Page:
Past CFO Commentary

The commentary in this section speaks only as of the date specified below. The company makes no commitment to update any of this information.

December 14, 2022

Today we published our monthly activity report and supplement for November 2022. The release highlighted the continuation of our strong business momentum as demonstrated by yet another month of over $30 billion in net new assets – representing a November quarter-to-date organic growth rate of approximately 7%. While we look forward to unpacking some of the drivers helping to support our sustained success with clients at the Winter Business Update next month, I wanted to take a moment today to provide some perspective on several notable topics, including total accounts, average interest-earning assets (AIEA), and client cash sorting.


      1. Active Brokerage Accounts

Despite recording over 300,000 new account openings in November, total active brokerage accounts declined slightly on a month-over-month basis. The 1% drop was not driven by an uptick in account attrition, but rather the result of recent account “scrubbing” activity.  If you would like a refresher on our general approach to this practice, I would encourage you to read my commentary from May 2021.


Our recent scrubbing efforts reflect actions we are taking in advance of the first Ameritrade client conversion scheduled for February. Over the last few months, we have been performing maintenance on Ameritrade accounts with low, non-zero balances and limited activity to prepare for an efficient client transition. Based on these efforts, some clients chose to re-engage with Schwab, resulting in approximately $65 million of incremental net new assets.  However, there were still many accounts that took no action.  In such cases, we decided to move forward with closing the account. During the past few months, we have scrubbed over 500,000 accounts, representing less than $7 million in assets, including approximately 350,000 accounts during November.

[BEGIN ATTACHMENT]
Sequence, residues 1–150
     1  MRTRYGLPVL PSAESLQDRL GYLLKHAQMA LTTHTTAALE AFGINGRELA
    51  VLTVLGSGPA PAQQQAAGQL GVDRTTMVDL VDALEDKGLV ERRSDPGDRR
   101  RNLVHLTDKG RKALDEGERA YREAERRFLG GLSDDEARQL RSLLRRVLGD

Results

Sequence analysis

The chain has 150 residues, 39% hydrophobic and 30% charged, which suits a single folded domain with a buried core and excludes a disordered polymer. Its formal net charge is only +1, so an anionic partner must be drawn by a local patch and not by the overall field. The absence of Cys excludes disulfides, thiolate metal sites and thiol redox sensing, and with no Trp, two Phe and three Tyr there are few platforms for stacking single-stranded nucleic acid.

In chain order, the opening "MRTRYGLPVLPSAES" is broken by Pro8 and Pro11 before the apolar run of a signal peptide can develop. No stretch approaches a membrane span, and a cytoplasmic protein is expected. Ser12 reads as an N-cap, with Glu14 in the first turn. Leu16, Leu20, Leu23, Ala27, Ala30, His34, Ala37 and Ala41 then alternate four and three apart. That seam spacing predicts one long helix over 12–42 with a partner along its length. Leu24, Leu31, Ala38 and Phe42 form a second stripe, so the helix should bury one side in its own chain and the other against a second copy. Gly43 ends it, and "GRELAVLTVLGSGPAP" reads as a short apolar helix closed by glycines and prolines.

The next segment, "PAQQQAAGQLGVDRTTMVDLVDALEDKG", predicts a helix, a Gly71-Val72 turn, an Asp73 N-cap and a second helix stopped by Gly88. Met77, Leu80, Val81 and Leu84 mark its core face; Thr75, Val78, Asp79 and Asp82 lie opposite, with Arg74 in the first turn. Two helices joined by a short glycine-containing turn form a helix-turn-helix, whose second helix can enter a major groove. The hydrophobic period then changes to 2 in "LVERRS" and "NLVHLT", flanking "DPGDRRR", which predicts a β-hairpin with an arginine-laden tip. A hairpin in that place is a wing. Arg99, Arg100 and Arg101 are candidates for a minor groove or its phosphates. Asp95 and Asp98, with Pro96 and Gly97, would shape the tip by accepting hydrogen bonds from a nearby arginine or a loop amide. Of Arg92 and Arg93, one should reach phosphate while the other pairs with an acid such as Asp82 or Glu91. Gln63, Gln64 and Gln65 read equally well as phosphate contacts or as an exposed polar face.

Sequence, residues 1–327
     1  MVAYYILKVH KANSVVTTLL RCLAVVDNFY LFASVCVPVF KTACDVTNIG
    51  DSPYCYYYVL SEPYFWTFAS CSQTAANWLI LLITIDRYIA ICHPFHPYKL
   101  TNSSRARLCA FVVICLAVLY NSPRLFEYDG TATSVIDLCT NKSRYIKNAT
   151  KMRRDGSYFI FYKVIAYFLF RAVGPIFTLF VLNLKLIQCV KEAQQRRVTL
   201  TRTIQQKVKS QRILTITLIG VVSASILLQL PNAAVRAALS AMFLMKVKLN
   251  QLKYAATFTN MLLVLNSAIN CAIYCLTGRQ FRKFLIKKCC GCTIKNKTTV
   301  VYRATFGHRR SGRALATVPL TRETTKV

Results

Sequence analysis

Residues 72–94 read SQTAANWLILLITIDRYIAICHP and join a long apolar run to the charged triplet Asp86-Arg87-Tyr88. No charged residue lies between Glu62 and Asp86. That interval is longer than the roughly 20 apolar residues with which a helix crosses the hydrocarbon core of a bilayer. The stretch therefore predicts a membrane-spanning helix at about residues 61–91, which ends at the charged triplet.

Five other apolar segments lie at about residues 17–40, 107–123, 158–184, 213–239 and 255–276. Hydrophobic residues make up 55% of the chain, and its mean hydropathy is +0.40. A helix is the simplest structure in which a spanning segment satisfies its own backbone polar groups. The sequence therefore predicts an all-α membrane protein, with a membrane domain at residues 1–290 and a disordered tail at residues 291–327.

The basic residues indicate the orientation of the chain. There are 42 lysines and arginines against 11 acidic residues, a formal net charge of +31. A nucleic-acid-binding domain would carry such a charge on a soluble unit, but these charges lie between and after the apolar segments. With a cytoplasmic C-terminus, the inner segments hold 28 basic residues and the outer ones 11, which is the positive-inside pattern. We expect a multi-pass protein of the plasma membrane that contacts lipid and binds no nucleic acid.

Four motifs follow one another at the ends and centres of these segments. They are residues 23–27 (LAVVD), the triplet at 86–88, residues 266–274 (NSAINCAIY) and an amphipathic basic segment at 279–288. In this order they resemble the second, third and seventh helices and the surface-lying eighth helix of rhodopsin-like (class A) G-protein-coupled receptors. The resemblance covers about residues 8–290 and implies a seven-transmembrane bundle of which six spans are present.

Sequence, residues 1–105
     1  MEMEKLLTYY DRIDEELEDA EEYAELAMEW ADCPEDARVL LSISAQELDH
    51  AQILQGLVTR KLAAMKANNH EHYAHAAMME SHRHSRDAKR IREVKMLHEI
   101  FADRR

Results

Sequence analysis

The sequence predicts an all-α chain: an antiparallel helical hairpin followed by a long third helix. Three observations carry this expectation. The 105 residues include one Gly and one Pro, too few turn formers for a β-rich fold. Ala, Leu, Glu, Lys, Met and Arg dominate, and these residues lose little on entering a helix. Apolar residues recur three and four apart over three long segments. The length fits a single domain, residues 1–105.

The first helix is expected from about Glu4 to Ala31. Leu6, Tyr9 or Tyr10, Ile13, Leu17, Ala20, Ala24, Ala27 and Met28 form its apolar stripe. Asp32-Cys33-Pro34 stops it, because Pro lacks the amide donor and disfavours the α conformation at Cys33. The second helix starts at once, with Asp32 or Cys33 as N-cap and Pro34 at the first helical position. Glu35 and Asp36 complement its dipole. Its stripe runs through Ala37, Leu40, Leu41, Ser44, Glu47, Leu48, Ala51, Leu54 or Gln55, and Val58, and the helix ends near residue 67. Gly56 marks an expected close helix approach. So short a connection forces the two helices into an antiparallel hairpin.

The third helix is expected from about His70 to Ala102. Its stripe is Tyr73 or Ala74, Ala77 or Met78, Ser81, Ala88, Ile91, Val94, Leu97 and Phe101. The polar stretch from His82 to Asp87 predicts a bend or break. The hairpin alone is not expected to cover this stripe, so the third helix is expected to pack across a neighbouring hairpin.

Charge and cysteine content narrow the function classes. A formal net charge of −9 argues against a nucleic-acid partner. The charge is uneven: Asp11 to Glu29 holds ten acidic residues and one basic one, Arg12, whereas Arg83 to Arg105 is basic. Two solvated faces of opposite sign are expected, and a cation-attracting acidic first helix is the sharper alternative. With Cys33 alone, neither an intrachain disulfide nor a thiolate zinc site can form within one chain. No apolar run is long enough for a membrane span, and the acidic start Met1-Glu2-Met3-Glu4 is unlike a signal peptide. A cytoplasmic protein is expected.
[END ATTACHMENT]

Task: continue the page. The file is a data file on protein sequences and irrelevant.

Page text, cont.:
2. Average Interest-earning Assets

We reported November AIEAs of $527 billion, down 5% relative to the prior month. While expected client cash sorting factored into this movement, the decline was primarily driven by our decision to reclassify certain bank portfolio investments as held-to-maturity (HTM). As disclosed in our most recent 10-Q on November 2, we transferred another $80 billion of U.S. agency mortgage-backed securities from the available-for-sale (AFS) category to the HTM category. At that time, these securities had a pre-tax unrealized loss of approximately $16 billion attached to them.


As I said at our Fall Business Update, moving the securities from AFS to HTM reduces the volatility within accumulated other comprehensive income (AOCI) and our tangible common equity (TCE). GAAP accounting rules stipulate that securities classified within HTM are not marked-to-market. Therefore, following the transfer, the fair value of the fixed income investments will not fluctuate based on movements in interest rates – thereby helping to limit future unexpected swings in AOCI as well as TCE.


Upon transferring an AFS security to HTM, any unrealized gains or losses at that time are “crystallized” or factored into the amortized cost of the security1. Therefore, immediately after the reclassification, our interest-earning assets were reduced by the associated unrealized losses – or approximately 3% of the October average balance. As mentioned previously, those crystallized losses will amortize down as the securities mature – with one-third of the unrealized losses accreting back to stockholders’ equity within approximately 24 months.